Where is the visual cortex located?
Occipital lobe
Creatinine test is acquired before a contrast study to _____?
Evaluate the function of the kidneys.
Cauda equina
The bundle of nerve roots that occupy the vertebral canal from L2 to S5.
Vertebral level of the:
a. Liver
b. Spleen
c. Pancreas
d. stomach
e. kidney
f. gallbladder
g. navel
h. bladder
a. T9-L2 Liver
b. T9 Spleen
c. T10-L1 Pancreas
d. T12 stomach
e. L1 kidney
f. L1 gallbladder
g. L4 navel
h. S5 bladder
Hypothalmus
Brain structure that acts as a control center for recognition and analysis of hunger, thirst, fatigue, anger and body temperature.
{“hypo” => low => body low on something => hungry, thirsty, …}
What dose is generally enough to produce erythema?
2 Gy
What is a common cancer for a child if irradiated during fetal stage?
Leukemia
What secondary cancer will show up earliest due to radiation treatment?
Sarcoma
Sarcoma
A usually malignant tumor arising from connective tissue (bone or muscle etc.)
Brachial Plexus
A network of nerves formed by cervical and thoracic spinal nerves and supplying the arm and parts of the shoulder. 1 per side of the body.
When does organogenesis occur?
Week 2-7.
How many spinal nerves?
31. One for each vertebra, but C7 has one nerve above it, 7th spinal nerve, and one nerve below it 8th.
C1-8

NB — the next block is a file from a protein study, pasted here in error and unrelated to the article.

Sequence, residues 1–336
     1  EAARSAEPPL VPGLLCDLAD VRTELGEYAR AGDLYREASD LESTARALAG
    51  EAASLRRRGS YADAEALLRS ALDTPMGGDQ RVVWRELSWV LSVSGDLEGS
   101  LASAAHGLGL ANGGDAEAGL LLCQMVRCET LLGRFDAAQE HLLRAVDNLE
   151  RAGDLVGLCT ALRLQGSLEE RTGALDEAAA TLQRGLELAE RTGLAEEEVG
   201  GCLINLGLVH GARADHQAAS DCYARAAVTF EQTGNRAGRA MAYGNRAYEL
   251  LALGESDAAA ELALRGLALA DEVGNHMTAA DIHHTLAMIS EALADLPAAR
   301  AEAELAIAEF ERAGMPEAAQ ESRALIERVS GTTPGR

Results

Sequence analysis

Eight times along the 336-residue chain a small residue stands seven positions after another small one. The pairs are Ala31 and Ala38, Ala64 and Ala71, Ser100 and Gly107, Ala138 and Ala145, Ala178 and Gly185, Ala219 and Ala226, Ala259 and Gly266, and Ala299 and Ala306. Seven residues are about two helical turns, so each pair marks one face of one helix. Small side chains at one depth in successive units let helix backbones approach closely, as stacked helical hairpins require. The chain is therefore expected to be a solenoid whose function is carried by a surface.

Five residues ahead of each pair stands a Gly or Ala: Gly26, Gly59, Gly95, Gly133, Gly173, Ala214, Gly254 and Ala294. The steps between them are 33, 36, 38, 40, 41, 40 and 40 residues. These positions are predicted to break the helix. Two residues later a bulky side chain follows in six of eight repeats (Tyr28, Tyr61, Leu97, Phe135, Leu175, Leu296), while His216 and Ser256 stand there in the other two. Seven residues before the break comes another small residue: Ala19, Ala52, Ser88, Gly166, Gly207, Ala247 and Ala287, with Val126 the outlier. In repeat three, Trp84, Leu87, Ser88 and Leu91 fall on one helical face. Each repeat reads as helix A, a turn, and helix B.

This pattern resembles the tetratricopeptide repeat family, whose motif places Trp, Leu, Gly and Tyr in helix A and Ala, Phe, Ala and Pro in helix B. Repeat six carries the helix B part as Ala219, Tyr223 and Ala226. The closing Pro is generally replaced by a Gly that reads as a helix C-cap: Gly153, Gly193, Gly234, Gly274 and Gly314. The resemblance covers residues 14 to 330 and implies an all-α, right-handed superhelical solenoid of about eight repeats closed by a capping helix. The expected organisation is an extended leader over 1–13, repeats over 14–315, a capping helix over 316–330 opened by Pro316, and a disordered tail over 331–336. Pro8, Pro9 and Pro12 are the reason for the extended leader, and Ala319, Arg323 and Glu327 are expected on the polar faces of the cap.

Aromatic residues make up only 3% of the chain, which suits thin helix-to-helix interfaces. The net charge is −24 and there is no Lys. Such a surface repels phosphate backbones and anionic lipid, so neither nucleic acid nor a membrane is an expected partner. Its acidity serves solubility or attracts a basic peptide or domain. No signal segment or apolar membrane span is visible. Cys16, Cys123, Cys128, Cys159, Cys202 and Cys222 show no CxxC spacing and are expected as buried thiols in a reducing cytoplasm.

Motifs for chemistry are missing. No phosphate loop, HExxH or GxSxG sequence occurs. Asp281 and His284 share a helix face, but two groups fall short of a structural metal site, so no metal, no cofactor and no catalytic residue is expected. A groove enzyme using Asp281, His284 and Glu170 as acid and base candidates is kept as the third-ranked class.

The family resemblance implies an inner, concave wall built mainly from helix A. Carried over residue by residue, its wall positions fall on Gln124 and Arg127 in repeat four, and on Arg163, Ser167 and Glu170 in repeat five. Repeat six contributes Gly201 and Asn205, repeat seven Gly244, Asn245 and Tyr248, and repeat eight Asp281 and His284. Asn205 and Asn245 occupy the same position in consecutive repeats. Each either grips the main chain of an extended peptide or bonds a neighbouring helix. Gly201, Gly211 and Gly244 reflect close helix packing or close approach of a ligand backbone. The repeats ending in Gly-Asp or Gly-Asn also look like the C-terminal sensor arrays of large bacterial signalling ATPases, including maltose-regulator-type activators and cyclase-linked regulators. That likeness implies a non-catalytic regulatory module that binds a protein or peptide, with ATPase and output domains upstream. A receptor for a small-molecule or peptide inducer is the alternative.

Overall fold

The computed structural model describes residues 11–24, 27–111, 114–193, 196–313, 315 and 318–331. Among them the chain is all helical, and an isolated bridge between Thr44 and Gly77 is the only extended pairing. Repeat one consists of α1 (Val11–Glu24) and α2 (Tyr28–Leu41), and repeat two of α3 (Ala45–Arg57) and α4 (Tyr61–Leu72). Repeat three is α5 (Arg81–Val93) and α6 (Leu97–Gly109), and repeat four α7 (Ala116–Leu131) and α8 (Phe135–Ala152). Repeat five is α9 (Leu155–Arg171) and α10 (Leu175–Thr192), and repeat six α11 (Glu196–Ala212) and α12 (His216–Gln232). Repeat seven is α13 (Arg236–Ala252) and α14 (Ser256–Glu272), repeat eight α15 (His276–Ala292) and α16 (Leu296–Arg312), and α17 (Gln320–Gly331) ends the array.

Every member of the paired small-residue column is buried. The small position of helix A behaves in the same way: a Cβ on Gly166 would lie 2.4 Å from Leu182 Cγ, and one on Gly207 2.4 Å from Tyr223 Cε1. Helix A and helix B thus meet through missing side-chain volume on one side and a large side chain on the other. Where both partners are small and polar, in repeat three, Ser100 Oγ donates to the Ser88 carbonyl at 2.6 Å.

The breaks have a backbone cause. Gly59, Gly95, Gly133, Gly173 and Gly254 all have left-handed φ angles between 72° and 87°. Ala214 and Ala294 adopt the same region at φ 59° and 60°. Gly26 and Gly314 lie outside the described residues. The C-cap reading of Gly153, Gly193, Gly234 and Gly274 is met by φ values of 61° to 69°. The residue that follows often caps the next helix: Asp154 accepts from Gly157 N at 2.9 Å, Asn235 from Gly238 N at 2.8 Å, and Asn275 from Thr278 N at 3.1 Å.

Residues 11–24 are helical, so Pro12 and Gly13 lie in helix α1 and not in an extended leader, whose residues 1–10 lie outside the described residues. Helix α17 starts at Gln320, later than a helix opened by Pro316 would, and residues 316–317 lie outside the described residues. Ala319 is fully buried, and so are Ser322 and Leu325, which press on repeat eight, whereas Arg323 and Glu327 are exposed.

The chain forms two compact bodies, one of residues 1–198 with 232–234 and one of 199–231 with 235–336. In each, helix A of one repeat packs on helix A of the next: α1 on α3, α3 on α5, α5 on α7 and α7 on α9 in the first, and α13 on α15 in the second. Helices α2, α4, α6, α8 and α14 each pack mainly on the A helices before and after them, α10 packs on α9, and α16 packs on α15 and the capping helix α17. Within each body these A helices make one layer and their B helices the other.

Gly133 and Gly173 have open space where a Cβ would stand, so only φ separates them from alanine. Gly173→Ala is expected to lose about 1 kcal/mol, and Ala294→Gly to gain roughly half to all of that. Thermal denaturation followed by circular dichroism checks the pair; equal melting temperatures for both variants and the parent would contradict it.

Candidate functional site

T1-12
L1-5
S1-5
Coccyx-1
Conus Medularis
End of spinal cord.
L2
Plasma volume?
55% of blood.
~3 of the 5 Liters
Bones of the
a. forearm
b. upper arm
c. lower leg
d. upper leg
e. skull
f. kneecap
a. radius, ulna
b. humerus
c. tibia, fibula
d. femur
e. frontal, occipital (back), perietal (top), temporal (side), sephenoid (base)
f. patellar
How many lobes of the lungs?
Right: 3
Left: 2
Malleolus
The rounded bony protuberance on each side of the ankle.
Hemoglobin
iron-containing protein in red blood cells that carries oxygen for delivery to cells
Meiosis
Cell division that produces reproductive cells in sexually reproducing organisms
Gametes
sex cells
Systole
the contraction of the chambers of the heart (especially the ventricles) to drive blood into the aorta and pulmonary artery
Diastole
the widening of the chambers of the heart between two contractions when the chambers fill with blood
Ejection fraction
Stroke volume / End diastolic volume
What is Thallium given for?
Myocardia Ischemia. Used as contrast in cells with good blood uptake.
Cholecyst
gallbladder
{Chol => “Ghol”}
What modality would be used to image the gallbladder?
US, CT, MRI
Functions of the pancreas
Digestive enzyme production.
Hormones (insulin)
What organ produces estrogen?
Ovary
What imaging modality is used for lung cancer staging.
CT
PET
Calvarium
The dome-like superior portion of the cranium
{Ca => Cap => Skull cap}
Innominate bone
large flaring bone forming one half of the pelvis (hip bone)
Most common secondary cancers for people with AIDS?
1. Kaposi sarcoma
2. non-Hodgkin lymphoma
Lymphoma